Financial News

Are Schools Teaching Effectively About Money?

6 Min Read

This article is part of a series looking into the perception and understanding of money in the UK, with a specific focus on what measures can be taken to build a proactive rather than reactive approach to financial matters.

As an Investment Manager, I have the pleasure of speaking to people on a daily basis about money; primarily discussing potential investment options and how to enable a secure financial future. I am often surprised to hear the response from first-time investors “I simply don’t understand how it all works”.

I have to wonder why such an important subject of protecting one’s finances is not inherently understood by the general public.

It goes without saying that there are many financial and investment concepts that will simply ‘go over the head’ of most people due to the level of complexity, and it would be far too ambitious to expect everyone to understand. However, what I am most concerned by is the lack of understanding of simple notions such as earning a return on your savings, the time-value of a pound and compound interest.

It is clear that the UK has become a very credit-focused society, with household debt doubling over the past decade (as reported by the Centre of Social Justice). Gone are the values held by previous generations where spending within your means and having a ‘nest egg’ was an essential part of life. Modern generations live by the understanding that desirable assets are only an online credit application away.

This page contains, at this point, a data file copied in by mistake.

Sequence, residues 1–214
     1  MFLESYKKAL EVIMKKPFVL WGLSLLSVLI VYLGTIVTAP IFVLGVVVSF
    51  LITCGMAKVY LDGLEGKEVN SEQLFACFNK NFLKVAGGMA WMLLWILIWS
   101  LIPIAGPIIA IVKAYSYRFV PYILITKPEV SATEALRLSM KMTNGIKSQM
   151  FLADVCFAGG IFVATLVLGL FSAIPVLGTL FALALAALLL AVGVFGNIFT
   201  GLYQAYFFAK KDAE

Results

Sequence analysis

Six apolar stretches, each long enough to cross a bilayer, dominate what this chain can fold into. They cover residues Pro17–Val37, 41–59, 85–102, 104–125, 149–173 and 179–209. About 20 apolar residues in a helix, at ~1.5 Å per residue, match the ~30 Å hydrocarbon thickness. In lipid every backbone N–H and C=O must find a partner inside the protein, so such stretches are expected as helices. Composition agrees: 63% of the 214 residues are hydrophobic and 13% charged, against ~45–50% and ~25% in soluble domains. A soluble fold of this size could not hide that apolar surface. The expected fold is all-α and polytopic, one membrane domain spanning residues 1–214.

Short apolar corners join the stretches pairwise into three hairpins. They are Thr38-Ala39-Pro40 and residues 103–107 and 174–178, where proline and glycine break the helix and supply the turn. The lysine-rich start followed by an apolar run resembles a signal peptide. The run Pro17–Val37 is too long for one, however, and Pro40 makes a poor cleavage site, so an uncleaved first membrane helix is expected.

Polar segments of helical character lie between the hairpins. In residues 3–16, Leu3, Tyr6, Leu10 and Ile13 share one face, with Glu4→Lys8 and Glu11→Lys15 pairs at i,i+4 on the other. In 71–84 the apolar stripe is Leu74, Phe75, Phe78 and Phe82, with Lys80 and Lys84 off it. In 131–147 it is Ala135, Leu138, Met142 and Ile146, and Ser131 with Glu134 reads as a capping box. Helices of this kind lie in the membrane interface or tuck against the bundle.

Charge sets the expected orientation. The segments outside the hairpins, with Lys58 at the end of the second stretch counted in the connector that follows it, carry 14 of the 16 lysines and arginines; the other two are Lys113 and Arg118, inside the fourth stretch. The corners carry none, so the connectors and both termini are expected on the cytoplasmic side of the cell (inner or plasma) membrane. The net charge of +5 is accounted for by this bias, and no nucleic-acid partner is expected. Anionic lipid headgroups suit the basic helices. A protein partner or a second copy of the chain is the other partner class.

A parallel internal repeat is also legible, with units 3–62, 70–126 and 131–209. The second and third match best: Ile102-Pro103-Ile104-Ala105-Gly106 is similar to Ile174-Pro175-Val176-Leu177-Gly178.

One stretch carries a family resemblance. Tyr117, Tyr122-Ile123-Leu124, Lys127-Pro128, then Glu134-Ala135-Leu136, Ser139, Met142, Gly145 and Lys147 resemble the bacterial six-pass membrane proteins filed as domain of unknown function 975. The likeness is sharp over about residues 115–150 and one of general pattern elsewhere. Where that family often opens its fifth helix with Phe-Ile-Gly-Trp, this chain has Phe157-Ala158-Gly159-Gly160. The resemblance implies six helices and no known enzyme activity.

The education system should be playing a vital role in developing children’s understanding of the importance of money management as part of their preparations for life in ‘the real world’, but it seems that this area is missing.

I hasten to add that this is not a dig at teachers in the UK. My mother is a very experienced primary school teacher in a very poor area of London, so I have a great understanding, respect and appreciation for the work that teachers do. The issue, however, seems to lie deeper and can somewhat be directed at the school curriculum, as well as general perceptions regarding the subject of money.

Thinking back to my own experiences at school, I am not surprised that many of my peers have found themselves in unfortunate financial difficulty in their early adult life and experience the agonising struggle of living pay-cheque to pay-cheque, or even worse, in the red. The number of lessons I recall from my entire school career that centred on saving money or investing? One! The opportunity to learn about such matters were left to those of us who made the choice to study A-levels in financial-related subjects.

With this issue on my mind, in 2012 I attempted to include an element of CSR within my company and targeted specific schools for the opportunity of holding a session for students to explain the importance of saving, interest and simple concepts such as inflation. This attempt was unsuccessful, as teachers did not want an investment company arriving to speak to children. Parents may not approve, since perceptions of investment firms were at a low following the financial crisis. I realised it was not a viable plan and the idea was put to bed.